Theory and Independence


This component is designed to allow students to read widely, to choose their own texts and to understand that contemporary study of literature needs to be informed by the fact that different theoretical and critical methods can be applied to the subject. This area of the course provides a challenging and wide-ranging opportunity for an introduction to different ways of reading texts and for independent study. The title 'Theory and independence' highlights the important idea that, within a literature course, students should have the opportunity to work as independently as possible.

This process is supported by the AQA Critical anthology, which has accessible extracts on the following critical methods and ideas:

  • Narrative theory
  • Feminist theory

                                               


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Aspects of Tragedy:

Students study three texts: one Shakespeare play, a second drama text and one further text.


Othello – William Shakespeare

“I KISS’D THEE ERE I KILL’D THEE: NO WAY BUT THIS; KILLING MYSELF, TO DIE UPON A KISS” – Othello (Act V, Scene II)



Death of a Salesman – Arthur Miller

“You can't eat the orange and throw the peel away - a man is not a piece of fruit.”



Tess of the D’Urbervilles – Thomas Hardy

“A strong woman who recklessly throws away her strength, she is worse than a weak woman who has never had any strength to throw away.”



Elements of Crime Writing:

Students study three texts from the following list: one post-2000 prose text, one pre-1900 poetry text and one further text. They also respond to an unseen passage in the exam. The unseen extract can come from any of the genres of poetry, prose or drama and can include literary non-fiction.

Post-2000 prose text -

When Will There Be Good News? – Kate Atkinson

“Their mother was cut down where she stood, the great silver knife carving through her heart as if it was slicing butcher’s meat.”


Poetry –

Peter Grimes – George Crabbe

“He knew not justice, and he laughed at law.”


The Laboratory – Robert Browning

“Brand, burn up, bite into its grace---
He is sure to remember her dying face!”

My Last Duchess – Robert Browning

“  “That’s my last Duchess painted on the wall,

Looking as if she were alive.”

Porphyria’s Lover – Robert Browning

“In one long yellow string I wound

Three times her little throat around,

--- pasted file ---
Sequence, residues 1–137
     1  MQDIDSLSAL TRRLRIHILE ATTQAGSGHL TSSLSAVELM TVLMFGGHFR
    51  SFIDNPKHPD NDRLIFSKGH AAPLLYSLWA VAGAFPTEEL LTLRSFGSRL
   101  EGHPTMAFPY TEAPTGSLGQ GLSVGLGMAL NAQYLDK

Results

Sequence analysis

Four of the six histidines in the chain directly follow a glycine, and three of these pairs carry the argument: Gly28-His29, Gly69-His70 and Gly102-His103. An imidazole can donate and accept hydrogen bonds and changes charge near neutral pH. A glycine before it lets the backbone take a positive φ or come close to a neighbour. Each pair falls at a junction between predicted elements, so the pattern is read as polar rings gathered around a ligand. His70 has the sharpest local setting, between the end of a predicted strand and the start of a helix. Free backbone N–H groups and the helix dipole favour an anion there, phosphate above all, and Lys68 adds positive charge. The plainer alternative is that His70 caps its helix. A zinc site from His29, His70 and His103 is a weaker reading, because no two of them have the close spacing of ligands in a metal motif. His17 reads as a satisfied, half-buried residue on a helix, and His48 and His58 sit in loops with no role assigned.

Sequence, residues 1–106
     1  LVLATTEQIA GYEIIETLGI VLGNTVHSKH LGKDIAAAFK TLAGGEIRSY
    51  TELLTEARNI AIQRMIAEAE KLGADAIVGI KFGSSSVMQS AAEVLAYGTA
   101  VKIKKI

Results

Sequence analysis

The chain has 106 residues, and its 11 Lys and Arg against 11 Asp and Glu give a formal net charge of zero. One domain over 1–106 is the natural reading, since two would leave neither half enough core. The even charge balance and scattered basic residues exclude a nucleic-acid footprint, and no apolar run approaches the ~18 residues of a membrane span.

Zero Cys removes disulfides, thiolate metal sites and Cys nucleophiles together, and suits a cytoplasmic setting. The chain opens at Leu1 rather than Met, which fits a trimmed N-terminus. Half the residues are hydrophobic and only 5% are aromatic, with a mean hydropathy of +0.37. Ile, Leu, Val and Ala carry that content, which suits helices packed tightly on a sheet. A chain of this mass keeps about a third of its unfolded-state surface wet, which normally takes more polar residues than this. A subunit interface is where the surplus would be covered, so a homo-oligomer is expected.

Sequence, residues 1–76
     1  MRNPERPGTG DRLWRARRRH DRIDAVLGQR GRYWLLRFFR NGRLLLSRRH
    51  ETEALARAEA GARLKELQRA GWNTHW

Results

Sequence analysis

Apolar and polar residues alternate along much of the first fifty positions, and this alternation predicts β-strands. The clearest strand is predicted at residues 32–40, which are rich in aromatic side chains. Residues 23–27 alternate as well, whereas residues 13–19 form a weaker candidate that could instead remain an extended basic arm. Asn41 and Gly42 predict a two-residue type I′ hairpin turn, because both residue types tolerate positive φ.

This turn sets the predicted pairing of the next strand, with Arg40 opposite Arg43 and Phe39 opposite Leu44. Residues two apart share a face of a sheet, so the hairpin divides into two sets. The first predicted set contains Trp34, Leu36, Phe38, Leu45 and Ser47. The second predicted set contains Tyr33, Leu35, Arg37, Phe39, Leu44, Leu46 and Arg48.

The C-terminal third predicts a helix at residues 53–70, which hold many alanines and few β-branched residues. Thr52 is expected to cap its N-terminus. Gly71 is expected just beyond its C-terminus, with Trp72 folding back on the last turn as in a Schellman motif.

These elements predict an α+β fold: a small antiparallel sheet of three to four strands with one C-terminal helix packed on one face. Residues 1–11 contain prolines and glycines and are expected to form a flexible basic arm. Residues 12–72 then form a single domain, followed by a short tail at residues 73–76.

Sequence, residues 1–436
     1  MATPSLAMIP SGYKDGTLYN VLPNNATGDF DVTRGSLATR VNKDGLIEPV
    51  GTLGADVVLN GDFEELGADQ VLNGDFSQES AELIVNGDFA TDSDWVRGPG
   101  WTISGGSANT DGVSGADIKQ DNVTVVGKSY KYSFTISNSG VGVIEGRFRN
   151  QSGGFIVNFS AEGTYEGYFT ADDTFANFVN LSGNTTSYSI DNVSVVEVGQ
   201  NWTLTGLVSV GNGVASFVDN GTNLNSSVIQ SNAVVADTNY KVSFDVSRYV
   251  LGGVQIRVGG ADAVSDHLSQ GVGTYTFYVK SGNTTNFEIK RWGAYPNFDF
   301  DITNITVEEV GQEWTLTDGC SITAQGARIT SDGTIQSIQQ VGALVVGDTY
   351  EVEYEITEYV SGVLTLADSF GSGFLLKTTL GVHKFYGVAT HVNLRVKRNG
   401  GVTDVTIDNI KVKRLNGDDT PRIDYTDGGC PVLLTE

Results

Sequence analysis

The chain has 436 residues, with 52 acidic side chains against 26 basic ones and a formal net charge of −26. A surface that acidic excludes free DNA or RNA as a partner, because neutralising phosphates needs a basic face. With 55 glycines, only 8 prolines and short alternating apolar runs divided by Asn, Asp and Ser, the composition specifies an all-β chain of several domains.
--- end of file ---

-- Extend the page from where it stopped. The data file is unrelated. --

And strangled her.”

The Ballad of Reading Gaol – Oscar Wilde

“And blood and wine were on his hands

  When they found him with the dead,”

Further text -

Brighton Rock – Graham Greene

“It didn't matter anyway...he wasn't made for peace, he couldn't believe in it. Heaven was a word: hell was something he could trust.”

Theory and Independence:

Narrative theory:

Students are taught a selection of narrative poems by Christina Rossetti.

Areas of study:

  • Story types
  • Structure
  • Beginnings
  • Endings
  • Time
  • Setting
  • Narrators
  • Characterisation
  • Flat and round characters
  • Narrative Gaps


​​​​​​​​​​​​​​Feminist theory:

Students choose their own novel to study.

Areas of study:​​​​​​​

  • Feminism
  • Feminist Criticism
  • What feminist critics do
  • Gender


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For enthusiastic readers, word lovers, poets and theatre buffs, English Literature is the perfect choice.

Studying literature feeds the imagination. It allows you to travel back in time, share the experiences of others, take on new perspectives, explore ideas, beliefs and values, challenge or discover your own and learn the literary skills to express yourself in original and creative ways through dialogue, argument, prose and poetry.

The analytical, interpretative and discursive skills you develop by studying literature will also prove excellent preparation for university. A Level English Literature is a highly regarded qualification by universities.

We require a grade 6 or above in both English Language and English Literature to study A Level English Literature.